Obama also addresses the argument that the United States should do more in Afghanistan than Obama is committing himself to accomplishing:
Finally, there are those who oppose identifying a timeframe for our transition to Afghan responsibility. Indeed, some call for a more dramatic and open-ended escalation of our war effort, one that would commit us to a nation-building project of up to a decade. I reject this course because it sets goals that are beyond what can be achieved at a reasonable cost and what we need to achieve to secure our interests.
It's tempting to interpret this as Obama committing himself to "passing the buck" to someone else. Obama later clarifies thaat "passing the buck" is a necessity in what I interpret as the major bombshell of the speech:
Indeed, I'm mindful of the words of President Eisenhower, who, in discussing our national security, said, "Each proposal must be weighed in the light of a broader consideration: the need to maintain balance in and among national programs."

Over the past several years, we have lost that balance. We failed to appreciate the connection between our national security and our economy. In the wake of an economic crisis, too many of our neighbors and friends are out of work and struggle to pay the bills. Too many Americans are worried about the future facing our children.

Meanwhile, competition within the global economy has grown more fierce, so we can't simply afford to ignore the price of these wars.

All told, by the time I took office, the cost of the wars in Iraq and Afghanistan approached a trillion dollars. And going forward, I am committed to addressing these costs openly and honestly. Our new approach in Afghanistan is likely to cost us roughly $30 billion for the military this year, and I'll work closely with Congress to address these costs as we work to bring down our deficit.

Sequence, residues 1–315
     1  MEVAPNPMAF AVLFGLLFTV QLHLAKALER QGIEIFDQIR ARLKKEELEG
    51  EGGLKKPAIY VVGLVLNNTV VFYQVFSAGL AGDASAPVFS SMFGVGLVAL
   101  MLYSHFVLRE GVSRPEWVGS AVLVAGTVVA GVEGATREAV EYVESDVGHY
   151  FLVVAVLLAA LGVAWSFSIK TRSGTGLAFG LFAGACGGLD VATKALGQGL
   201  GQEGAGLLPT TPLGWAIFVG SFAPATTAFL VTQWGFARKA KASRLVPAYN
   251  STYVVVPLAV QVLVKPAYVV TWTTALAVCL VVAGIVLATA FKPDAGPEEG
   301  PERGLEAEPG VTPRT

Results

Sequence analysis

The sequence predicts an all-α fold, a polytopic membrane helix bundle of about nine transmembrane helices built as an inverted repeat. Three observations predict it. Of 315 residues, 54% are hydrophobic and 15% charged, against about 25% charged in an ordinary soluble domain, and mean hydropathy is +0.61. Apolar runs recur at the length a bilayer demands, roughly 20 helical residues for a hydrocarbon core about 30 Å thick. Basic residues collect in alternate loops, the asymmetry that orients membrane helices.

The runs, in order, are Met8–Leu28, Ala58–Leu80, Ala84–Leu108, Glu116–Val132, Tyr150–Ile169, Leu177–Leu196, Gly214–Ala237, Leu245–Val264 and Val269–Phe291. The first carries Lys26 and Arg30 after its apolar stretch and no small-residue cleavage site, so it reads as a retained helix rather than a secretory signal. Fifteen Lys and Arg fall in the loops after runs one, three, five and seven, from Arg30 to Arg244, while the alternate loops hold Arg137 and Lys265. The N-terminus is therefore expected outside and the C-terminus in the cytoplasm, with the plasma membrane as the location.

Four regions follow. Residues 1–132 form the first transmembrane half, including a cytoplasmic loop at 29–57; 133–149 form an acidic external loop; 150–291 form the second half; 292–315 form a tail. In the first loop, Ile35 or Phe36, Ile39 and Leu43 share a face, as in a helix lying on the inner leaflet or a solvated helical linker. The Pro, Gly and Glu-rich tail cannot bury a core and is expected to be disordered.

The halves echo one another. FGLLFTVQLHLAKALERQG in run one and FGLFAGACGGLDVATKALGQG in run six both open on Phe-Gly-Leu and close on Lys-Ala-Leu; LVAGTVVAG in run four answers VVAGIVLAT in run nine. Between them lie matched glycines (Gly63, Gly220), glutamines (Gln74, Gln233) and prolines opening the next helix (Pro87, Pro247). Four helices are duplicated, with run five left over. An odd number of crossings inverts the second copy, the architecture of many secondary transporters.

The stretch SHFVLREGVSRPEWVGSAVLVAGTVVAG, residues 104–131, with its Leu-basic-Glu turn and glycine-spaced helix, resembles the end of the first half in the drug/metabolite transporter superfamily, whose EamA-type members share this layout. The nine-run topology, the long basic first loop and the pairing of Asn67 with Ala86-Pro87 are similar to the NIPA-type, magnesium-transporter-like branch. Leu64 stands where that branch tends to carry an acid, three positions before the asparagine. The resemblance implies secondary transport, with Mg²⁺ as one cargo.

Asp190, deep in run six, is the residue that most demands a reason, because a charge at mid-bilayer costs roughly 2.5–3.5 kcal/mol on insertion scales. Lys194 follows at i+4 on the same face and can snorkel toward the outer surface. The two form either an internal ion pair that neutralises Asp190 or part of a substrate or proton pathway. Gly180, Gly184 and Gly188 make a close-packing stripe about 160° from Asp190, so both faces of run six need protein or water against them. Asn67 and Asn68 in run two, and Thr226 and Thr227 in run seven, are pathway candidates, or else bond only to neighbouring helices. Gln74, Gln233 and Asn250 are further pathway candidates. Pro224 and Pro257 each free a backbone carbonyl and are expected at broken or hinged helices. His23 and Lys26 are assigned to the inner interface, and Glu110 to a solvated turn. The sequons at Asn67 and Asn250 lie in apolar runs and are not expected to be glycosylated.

But as we end the war in Iraq and transition to Afghan responsibility, we must rebuild our strength here at home. Our prosperity provides a foundation for our power. It pays for our military; it underwrites our diplomacy; it taps the potential of our people and allows investment in new industry; and it will allow us to compete in this century as successfully as we did in the last.

That's why our troop commitment in Afghanistan cannot be open- ended: because the nation that I'm most interested in building is our own.
Obama's admission is perfectly clear. We cannot do more than maintain stalemate in Afghanistan because the United States no longer has the military capacity to achieve anything other than stalemate in Afghanistan.